Libyan hospital official: 200 dead in Benghazi
Last UPdated 7:28 a.m. ET
CAIRO - Libyan protesters defied a fierce crackdown by Moammar Gadhafi's regime, returning Sunday to a square outside a court building in the flashpoint city of Benghazi to demand the overthrow of the African nation's longtime ruler.
A doctor in Benghazi said his hospital has seen the bodies of at least 200 protesters killed by Gadhafi's forces over the last few days. The doctor spoke on condition of anonymity for fear of reprisal, as did several other witnesses in Libya.
Witnesses told The Associated Press a mixture of special commandos, foreign mercenaries and Gadhafi loyalists went after demonstrators on Saturday with knives, assault rifles and heavy-caliber weapons.
The Benghazi doctor said his hospital, one of two in Libya's second-largest city, is out of supplies and cannot treat more than 70 wounded who were hit in the attacks and need attention.
"I am crying," the doctor said. "Why is the world not listening?"
Protesters remain defiant despite facing repeated assaults, and some opposition leaders in exile claim that several towns in the nation's eastern provinces are now under control of forces which are no longer loyal to Gadhafi.
Jamal Eddin Mohammed, a 53-year old resident of Benghazi, said thousands are marching toward the city's cemetery to bury at least a dozen protesters. The march, he said, would pass by Gadhafi's residential palace and the regime's local security headquarters.
Mohammed said protesters feared more clashes with the government.
"Everything is behind that (Gadhafi) compound; hidden behind wall after wall. The doors open and close and soldiers and tanks just come out, always as a surprise, and mostly after dark," he said.
The mourners were chanting: "The people demand the ouster of the regime," which became a mantra for protesters in Egypt and Tunisia.
Mohammed Abdullah, an exiled leader of the Libyan Salvation Front, said government troops in parts of Benghazi, Beyida and Tobruk have severed ties with their command in Tripoli. Protests also have spread to outside the southern city of Zentan and west to Mesrata, the third-biggest city in Libya.
Getting concrete details about Libya's increasingly chaotic situation has been difficult because journalists cannot work freely inside the country. Information about the uprising has come through telephone interviews, along with videos and messages posted online, and through opposition activists in exile.
That followed days of protests in Benghazi, a focal point of the uprising aimed at toppling Gadhafi after more than 40 years of rule.
Witnesses told The Associated Press hundreds of demonstrators gathered early Sunday morning at the court building after a day of bloodshed, during which Libyan forces opened fire on mourners leaving a funeral for protesters.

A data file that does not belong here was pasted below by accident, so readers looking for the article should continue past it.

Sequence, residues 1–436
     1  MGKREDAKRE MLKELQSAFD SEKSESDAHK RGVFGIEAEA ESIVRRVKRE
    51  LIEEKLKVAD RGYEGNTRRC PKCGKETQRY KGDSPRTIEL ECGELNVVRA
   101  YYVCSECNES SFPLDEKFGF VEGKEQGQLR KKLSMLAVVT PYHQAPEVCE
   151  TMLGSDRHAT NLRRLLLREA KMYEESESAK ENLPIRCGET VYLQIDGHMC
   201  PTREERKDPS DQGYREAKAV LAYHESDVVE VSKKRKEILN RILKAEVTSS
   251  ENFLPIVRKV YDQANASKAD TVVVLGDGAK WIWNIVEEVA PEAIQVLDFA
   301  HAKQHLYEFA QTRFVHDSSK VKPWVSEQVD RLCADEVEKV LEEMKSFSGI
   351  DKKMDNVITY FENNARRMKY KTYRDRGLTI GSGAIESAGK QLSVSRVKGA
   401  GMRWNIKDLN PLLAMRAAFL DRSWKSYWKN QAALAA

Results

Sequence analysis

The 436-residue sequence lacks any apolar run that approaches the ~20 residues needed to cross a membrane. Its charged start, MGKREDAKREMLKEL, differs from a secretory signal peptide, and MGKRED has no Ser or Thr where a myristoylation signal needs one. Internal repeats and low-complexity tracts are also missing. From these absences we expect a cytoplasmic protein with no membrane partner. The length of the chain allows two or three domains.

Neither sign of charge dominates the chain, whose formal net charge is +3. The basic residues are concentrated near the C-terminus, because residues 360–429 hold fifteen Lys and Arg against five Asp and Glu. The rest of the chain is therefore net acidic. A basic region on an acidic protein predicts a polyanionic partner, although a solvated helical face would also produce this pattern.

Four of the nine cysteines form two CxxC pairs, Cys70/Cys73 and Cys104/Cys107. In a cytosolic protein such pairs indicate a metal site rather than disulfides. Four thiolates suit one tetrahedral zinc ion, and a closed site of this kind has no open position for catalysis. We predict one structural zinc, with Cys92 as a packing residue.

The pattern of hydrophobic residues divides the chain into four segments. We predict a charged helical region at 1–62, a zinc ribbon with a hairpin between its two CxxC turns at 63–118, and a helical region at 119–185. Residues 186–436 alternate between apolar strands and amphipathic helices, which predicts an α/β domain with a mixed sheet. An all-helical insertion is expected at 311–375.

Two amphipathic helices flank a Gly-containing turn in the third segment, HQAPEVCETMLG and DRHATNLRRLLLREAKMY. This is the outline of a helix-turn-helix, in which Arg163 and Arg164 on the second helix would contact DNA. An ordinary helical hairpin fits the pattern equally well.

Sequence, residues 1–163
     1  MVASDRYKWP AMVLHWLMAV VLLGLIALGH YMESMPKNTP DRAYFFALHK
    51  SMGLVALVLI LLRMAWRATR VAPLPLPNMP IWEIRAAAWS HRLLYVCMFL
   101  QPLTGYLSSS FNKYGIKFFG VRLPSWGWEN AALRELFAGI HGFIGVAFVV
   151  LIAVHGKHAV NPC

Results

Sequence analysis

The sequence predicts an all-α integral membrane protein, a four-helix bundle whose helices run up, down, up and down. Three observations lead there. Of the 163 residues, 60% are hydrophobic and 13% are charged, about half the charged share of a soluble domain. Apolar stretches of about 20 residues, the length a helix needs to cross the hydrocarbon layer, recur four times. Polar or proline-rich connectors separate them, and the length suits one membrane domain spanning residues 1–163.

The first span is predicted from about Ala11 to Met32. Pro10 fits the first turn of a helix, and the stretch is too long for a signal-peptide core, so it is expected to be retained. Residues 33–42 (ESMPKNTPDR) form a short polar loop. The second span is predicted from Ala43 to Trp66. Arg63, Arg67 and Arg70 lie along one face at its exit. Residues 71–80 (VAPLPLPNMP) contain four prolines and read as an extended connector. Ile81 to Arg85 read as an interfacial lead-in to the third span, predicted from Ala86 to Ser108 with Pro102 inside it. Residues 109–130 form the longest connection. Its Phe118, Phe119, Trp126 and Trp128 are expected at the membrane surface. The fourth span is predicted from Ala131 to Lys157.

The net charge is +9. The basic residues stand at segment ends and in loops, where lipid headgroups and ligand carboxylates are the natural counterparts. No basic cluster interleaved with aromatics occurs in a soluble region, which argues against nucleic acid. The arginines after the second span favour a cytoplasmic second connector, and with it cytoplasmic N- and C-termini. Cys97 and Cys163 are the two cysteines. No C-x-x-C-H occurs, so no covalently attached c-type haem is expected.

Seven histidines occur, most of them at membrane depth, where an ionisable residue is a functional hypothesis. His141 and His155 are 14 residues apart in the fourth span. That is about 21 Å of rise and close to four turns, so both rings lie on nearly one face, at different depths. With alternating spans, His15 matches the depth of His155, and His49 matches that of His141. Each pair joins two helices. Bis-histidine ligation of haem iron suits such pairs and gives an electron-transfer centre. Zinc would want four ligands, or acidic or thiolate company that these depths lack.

In the hours after that attack, a medical official said at least 15 people were killed.
But Mohammed Abdullah said Sunday that the toll could be much higher. He quoted hospital officials in Benghazi saying the death toll might have reached 300.
The U.S.-based Arbor Networks reported another Internet service outage in Libya just before midnight Saturday night. The company says online traffic ceased in Libya about 2 a.m. Saturday, was restored at reduced levels several hours later, only to be cut off again that night.
According to several accounts, police in Benghazi initially followed orders Saturday to act against the protesters, but later joined with them because they belong to the same tribe and saw foreign mercenaries taking part in the killings.
"People are defiant here and they are ready to die," said a woman on the phone from Benghazi. She spoke on condition of anonymity for fear of reprisal, as did other witnesses.
Before Saturday's violence, Human Rights Watch estimated at least 84 people had been killed in anti-Gadhafi unrest.
Abdullah said smaller protests were staged Saturday night on the outskirts of the capital Tripoli, a stronghold of support for Gadhafi, but demonstrators were quickly dispersed by security men. Besides Tripoli and Benghazi, the nation's second-largest city, the U.S. State Department in a travel warning to American citizens listed five other cities that have seen demonstrations.
The protests, inspired by the successful uprisings in Egypt and Tunisia, have been driven by frustration and anger over Gadhafi's authoritarian rule, corruption, economic hardships.
Supporters of the Libyan uprising also demonstrated in Switzerland and in Washington on Saturday, waving flags and burning Gadhafi's photo.
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